The rich get richer

Date: 26 Dec 14
By: Frank Gue, B.c., MBA, P.Eng.,
2252 Joyce St.,
Burlington, ON L7R 2B5
905 634 9538
Date: 26 Dec 14
By: Frank Gue, B.c., MBA, P.Eng.,
2252 Joyce St.,
Burlington, ON L7R 2B5
905 634 9538
For: Editors, The Economist, London, UK

Dear Editors:

Consider your chart on P. 73, showing a remarkable six-fold spike in China’s stock market index.

Let some imaginary economy hold $200 of real goods in inventory. There are two investors, Ching and Chung, each with $100 to invest. Let wealthy, cunning financier Ching, with good, high-priced advice per Piketty, invest $100 on Jan. 1, 2006, and cash-out for $600 in July of 2007. The less prescient Chung, obeying instead the Lemming Law, invests his $100 in July, 2007 just when Ching is selling his, and sells it with the other lemmings for $20 in October of 2008. At the end of this scenario, Ching has enjoyed a 500% increase but poor, unfortunate lemming Chung has suffered an 80% loss. Ching now has a $600 claim on current production, while Chung has only a $20 claim, neither having exchanged one penny’s worth of actual, real goods, but only digital dots somewhere in the Cloud. Clearly, the six-fold spike in the index had nothing whatever to do with anything in the real economy; yet Ching now enjoys a $600 claim on it while Chung can claim only $20, a total between them of $620.

Now, if Ching and Chung decide to exercise their claims on the same day by buying up the $200 of real goods in inventory, Ching would be able to buy 600/620 = 96% of it or $194, while Chung could buy only 20/620 = $6 of it. What a dramatic change from $100 each! And what an impact on inflation!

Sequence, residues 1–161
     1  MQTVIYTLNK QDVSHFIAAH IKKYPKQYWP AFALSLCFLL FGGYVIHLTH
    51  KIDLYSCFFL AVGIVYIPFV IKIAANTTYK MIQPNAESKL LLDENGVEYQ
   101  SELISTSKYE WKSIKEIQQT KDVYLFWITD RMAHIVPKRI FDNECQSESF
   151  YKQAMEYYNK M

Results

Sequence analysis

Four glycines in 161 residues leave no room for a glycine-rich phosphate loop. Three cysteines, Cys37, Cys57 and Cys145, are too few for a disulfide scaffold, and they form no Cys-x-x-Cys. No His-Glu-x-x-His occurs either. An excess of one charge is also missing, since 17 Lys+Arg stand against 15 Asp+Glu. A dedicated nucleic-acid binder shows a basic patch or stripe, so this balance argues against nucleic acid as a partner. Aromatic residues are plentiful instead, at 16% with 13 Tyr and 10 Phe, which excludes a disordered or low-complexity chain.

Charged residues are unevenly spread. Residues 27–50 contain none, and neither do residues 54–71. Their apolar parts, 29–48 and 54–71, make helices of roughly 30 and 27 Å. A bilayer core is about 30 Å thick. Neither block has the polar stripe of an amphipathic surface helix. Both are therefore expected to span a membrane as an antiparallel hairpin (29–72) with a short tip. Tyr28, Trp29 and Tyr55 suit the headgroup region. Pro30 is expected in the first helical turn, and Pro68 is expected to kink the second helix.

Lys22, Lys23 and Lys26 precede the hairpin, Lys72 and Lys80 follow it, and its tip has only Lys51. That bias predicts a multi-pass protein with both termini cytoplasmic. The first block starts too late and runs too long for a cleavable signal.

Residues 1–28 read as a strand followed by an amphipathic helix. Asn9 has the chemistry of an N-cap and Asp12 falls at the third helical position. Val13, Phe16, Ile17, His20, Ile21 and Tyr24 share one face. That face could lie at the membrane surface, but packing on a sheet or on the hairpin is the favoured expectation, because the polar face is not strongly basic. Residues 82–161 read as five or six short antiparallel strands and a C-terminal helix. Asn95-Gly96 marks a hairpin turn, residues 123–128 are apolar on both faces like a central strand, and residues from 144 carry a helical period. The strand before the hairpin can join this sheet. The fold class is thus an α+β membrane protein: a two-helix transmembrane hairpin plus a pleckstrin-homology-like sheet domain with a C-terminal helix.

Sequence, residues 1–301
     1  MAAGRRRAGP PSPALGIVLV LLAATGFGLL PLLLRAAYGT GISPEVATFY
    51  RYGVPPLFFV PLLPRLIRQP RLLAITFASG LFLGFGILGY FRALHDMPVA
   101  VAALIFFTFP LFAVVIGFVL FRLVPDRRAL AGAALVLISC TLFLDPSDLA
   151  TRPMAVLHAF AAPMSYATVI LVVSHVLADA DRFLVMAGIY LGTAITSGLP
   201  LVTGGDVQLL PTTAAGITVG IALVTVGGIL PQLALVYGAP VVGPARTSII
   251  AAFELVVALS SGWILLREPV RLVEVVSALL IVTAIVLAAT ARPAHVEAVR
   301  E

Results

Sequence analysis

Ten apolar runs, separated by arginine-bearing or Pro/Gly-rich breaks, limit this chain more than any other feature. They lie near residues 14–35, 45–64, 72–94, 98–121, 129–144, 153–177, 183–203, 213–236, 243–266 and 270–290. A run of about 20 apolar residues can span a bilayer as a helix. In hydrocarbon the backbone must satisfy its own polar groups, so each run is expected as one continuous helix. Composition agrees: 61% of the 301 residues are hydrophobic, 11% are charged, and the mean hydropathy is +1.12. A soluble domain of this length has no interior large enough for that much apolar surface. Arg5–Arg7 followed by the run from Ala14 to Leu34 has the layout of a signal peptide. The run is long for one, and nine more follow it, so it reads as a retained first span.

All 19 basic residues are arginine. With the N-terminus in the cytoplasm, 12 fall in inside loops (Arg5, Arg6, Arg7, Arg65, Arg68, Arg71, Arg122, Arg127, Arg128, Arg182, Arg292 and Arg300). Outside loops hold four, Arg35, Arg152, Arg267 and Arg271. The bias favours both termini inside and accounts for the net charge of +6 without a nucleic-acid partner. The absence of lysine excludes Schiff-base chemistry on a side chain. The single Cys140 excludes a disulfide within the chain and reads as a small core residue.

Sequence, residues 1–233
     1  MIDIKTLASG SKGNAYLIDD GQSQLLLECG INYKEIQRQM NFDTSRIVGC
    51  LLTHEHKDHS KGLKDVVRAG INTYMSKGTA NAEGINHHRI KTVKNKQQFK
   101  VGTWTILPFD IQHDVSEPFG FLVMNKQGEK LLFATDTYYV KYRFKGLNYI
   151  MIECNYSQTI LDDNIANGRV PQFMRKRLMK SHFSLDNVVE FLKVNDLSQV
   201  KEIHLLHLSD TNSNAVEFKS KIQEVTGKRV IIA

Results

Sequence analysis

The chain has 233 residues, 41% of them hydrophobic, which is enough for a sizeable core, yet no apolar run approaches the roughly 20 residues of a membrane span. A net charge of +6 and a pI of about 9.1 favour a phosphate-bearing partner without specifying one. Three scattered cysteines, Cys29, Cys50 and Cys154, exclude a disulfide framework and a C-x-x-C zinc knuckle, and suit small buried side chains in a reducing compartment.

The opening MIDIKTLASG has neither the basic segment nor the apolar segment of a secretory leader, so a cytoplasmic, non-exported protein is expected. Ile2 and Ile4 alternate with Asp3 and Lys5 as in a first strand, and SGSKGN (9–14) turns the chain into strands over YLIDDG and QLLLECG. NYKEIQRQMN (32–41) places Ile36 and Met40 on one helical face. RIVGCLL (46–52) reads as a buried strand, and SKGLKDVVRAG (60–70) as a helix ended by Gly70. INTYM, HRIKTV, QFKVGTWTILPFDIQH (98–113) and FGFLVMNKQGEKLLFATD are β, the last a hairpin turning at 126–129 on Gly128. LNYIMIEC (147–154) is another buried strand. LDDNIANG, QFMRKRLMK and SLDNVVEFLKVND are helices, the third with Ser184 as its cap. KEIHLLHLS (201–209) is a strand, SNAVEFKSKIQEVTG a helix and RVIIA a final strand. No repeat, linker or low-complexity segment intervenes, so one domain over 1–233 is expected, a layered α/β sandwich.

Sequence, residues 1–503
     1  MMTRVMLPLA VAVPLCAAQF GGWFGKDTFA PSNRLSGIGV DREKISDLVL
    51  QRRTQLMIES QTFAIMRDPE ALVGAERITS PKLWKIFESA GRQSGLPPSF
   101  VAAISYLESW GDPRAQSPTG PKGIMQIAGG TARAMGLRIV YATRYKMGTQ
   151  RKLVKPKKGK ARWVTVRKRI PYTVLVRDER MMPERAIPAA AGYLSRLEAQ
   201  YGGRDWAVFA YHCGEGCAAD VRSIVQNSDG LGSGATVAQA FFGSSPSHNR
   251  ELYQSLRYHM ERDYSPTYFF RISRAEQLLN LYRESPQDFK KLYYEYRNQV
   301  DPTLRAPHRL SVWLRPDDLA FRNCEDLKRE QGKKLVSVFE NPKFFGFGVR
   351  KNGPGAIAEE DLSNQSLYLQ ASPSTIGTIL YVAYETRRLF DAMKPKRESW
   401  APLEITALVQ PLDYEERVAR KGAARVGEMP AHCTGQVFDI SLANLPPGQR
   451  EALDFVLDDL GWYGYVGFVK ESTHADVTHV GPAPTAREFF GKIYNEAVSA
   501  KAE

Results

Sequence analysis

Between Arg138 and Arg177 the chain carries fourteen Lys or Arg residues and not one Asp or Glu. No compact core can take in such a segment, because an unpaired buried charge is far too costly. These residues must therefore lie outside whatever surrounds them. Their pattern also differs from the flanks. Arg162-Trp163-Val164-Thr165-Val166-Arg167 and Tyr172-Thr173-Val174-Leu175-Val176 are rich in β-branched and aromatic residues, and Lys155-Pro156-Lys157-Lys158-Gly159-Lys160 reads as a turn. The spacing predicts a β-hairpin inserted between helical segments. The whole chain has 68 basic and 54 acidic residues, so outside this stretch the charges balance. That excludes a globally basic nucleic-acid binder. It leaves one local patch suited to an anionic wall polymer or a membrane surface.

This useful reductio ad absurdum may, despite its oversimplification and despite its ignoring endless confounding factors, point out one important reason why “the rich get richer” etc.

Barter may well be a hopelessly ineffective exchange mechanism; but its successor, money, acting merely as an accessory to inequitization, has grave shortcomings not yet fully recognized or provided for in our economies.




Discrimination in immigration

Dec. 12, 2014

Messrs Stephen Harper, Prime Minister
Mike Wallace, MPP

GA, Mike and Stephen.

If, as you are being criticized for, you are discriminating for certain religious minorities and against others, good for you. Everyday life runs on discrimination. We discriminate all the way from buying groceries to marrying a spouse.

Never forget the public statement by the principal of a Madrassa (Muslim school) in Montreal, who said on CBC TV, “Assimilate? We’re not here to assimilate. We’re here to take over. The laws of Canada are not the laws of God.”

What could be clearer?

Western democracies carefully, and for excellent reasons, separate church and state. In Muslim countries, by contrast, the church IS the state. One of the Muslims’ declared methods of “taking over” our Canadian state is to infiltrate our own democratic institutions such as elected representation (parliaments etc.) until they can control them by sheer arithmetic. That arithmetic is driven in no small measure by immigration/propagation, i.e. “the revenge of the cradle” as Pierre Trudeau once put it. Quebec discriminates this way successfully: the RoC should take due note.

We rightly favor millwrights, carpenters and other hands-on, productive trades in our immigration policies. So let us disfavor disruptive and counter-democratic elements who are here to “take over”, violently when necessary, as has been their stated objective for over 1,300 years.



Geoengineering Dec. 14

From: Frank Gue
Sent: Wednesday, December 10, 2014 4:35 PM
Subject: Re: The Weather

I watched the Geoengineering video again.

The massiveness of the global conspiracy needed to account for this geoengineering process leaves one gasping.

And yet, and yet.

The well documented, well proven global suppression by the Main Stream Media of climate change skeptics leaves one quite sure that, once a mass hysteria has taken hold, no amount of contrary opinion will come to the surface. Remember the 1700s Tulip Bubble? The South Sea Island bubble? The Dot-Com bubble? The subprime mortgage bubble? (I was one of the lone voices warning about this last one, which I did and got published in 2007, a year before 2008 hit.) In each of these episodes, a few simple questions (such as: How could a single tulip bulb be worth thousands of dollars as apparently some were in 1750 or-whenever-it-was?) would have burst the bubble before it got dangerous.